Cancer, the Silent Killer, Part 1of 3
Updated: Jun 11, 2021
It all happened so fast. I saw her on April 25th and she was fine. She started puking on April 29th and since she is not normally sick, she went to the clinic where she was told she had food poisoning. Any rational person would accept that answer which she did. So while she was sick over the weekend, she just thought she was dealing with the food poisoning effect.
On May 4th she realized her urine was really yellow and thicker than normal. She then drove herself to the hospital where a CT scan was performed. A mass was found on her gallbladder and they transferred her to a bigger hospital in a nearby city where they told her a surgeon would do a biopsy to determine if it was cancer but that was their guess. They also told her that if it was, gallbladder cancer was one of the fastest moving ones. Not good news at all.
I woke up on May 5th to a missed call from her and several messages and the whirlwind of what my life would now become began.
She was promised a surgeon 4-5 times as the hours drove on on May 5th and one never came. She then checked herself out of the hospital, angry, tired, and hungry. The yellow hue of her skin was shocking then and is even worse now. She was scheduled for surgery to place a stent on May 6th which unfortunately failed. She was admitted to the hospital following that failed surgery and was told she would have another surgery early the following morning. When she found out it was not early but rather 2 pm in the afternoon, she checked herself out again. Surgery would need to be done but we would need to await a call from the surgeon's office.
May 7th, she officially moved in with us. Being told to take whatever I wanted off her walls or out of her cabinets was when the weird shock took over. I remember standing in her living room looking around at all her "stuff" and everything kind of went in slow motion for a minute. It was the most surreal feeling I've had in a very long time. The last time things moved in slow motion for me was almost 18 years ago when I was in a minor car accident. Looking around I quickly realized it literally is all just STUFF. You work your entire life to accumulate stuff which you can't take with you when you leave. I am thankful that while quickly moving some of her things and being completely unprepared that my husband and I haven't fallen apart.
Tensions have been high with the "diagnosis" of gallbladder cancer for her. It's not been verified since a biopsy also was not able to be performed but they are proceeding as if it has. The surgeon's office rescheduled surgery to May 14th. The goal is to place a stent in the blocked bile duct with use of radiology assisting. They also need to drain her bile at that time. As she was yellowing more each day, the surgeon said if she got chills, a fever, or vomited that she needed to be taken to the ER right away.
Flower deliveries began right away. I think the first one came on the 7th and 2 more on the 8th. Then, of course, Mother's Day was the 9th and my daughter brought over a bouquet for each of us. The 10th, some friends brought food and flowers which was completely unexpected and very much appreciated. Trying to make sure she continues to eat so she can keep strength is kind of top priority right now.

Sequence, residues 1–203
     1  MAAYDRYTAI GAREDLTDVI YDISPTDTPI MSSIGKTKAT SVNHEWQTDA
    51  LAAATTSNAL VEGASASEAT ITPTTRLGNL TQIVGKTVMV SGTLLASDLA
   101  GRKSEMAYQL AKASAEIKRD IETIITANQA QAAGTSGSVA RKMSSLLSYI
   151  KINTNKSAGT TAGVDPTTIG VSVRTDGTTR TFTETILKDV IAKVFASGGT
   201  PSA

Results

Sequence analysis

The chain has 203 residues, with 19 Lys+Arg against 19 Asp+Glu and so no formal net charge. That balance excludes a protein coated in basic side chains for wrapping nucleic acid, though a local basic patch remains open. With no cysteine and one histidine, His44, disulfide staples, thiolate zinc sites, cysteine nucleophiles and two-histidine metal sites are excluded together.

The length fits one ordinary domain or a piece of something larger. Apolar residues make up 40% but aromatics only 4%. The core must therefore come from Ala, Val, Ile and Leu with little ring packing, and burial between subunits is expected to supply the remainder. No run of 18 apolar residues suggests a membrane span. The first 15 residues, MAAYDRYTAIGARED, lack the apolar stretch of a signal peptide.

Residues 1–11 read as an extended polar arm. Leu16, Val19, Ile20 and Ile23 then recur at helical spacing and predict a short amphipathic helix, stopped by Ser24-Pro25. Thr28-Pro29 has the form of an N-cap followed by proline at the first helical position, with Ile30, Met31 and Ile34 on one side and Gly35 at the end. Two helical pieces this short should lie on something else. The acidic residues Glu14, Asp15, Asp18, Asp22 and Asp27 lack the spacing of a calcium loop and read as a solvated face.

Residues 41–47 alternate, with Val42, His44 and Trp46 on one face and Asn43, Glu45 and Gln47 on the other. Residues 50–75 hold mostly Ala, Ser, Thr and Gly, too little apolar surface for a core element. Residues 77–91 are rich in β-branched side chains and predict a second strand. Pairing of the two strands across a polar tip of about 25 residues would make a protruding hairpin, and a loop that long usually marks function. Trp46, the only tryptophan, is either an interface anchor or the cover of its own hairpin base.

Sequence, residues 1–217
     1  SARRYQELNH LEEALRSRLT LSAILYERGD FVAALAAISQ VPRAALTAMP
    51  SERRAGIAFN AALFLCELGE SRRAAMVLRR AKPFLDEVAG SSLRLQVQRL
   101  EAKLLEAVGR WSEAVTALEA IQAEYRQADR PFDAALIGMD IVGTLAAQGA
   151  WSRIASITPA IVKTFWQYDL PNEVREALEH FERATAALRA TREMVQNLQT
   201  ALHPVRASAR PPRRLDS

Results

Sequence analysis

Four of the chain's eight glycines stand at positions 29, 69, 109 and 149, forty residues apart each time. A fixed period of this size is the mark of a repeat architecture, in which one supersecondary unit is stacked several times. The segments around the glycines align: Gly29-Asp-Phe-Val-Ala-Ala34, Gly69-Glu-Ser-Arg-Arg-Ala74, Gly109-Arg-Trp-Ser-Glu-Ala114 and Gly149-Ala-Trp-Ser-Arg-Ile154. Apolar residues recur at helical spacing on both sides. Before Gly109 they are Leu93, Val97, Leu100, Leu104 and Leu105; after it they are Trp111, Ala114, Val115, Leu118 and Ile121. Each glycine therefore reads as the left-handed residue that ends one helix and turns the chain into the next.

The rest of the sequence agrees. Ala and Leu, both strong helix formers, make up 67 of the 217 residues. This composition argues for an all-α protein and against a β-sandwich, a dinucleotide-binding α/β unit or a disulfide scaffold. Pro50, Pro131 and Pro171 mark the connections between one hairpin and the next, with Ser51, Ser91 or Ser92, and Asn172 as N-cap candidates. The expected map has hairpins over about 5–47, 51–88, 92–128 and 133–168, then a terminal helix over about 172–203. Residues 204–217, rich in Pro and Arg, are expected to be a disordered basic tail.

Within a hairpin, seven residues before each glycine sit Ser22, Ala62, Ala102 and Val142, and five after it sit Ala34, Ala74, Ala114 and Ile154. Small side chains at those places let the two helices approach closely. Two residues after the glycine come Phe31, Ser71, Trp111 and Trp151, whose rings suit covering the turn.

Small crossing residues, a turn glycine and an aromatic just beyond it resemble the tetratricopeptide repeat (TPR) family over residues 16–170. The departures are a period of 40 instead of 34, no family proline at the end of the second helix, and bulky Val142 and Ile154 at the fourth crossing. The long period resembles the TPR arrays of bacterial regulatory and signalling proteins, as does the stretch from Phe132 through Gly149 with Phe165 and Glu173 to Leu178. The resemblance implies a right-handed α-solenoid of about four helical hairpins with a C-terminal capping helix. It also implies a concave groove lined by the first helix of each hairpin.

Tuesday, May 11th came and I swore she had been getting a darker yellow for a couple days. She had some pain on and off in her back and lower abdomen which seemed to worsen on Tuesday. By Tuesday night, she was chilled even though she said she wasn't. She was covered up with 3 blankets and wanted another. I asked her if she had the chills and she said no and made excuses about not having her sweatpants on or socks, etc. However, within the hour we were having a discussion about going to the hospital.
She couldn't seem to get rid of the pain no matter what she did or how she tried to lay. Having already showed signs of having the chills, the decision was made to go to the ER. Upon arrival, she did have a fever of 100.7 and they started taking blood, and I mean a lot of vials. She put a gown on and her chest and back appeared to be a glowing yellow. It was then that she saw just how yellow she had become.
Morphine was administered via her IV and she had one placed in each arm which did not make her happy but not much could at this point. She was finally admitted and will see the surgeon today for a plan as to when this surgery will take place. The ER doctor said they couldn't wait until Friday based on her levels of bilirubin but we shall see.
Driving home in the middle of the night without her was strange and I came unglued at a stoplight, uncontrollably sobbing. The speed at which this is happening is completely overwhelming. Getting a diagnosis of imminent death is hard enough yet alone accelerating everything within the first week. Please keep us in your positive thoughts and prayers. No one can prepare or know what will happen next.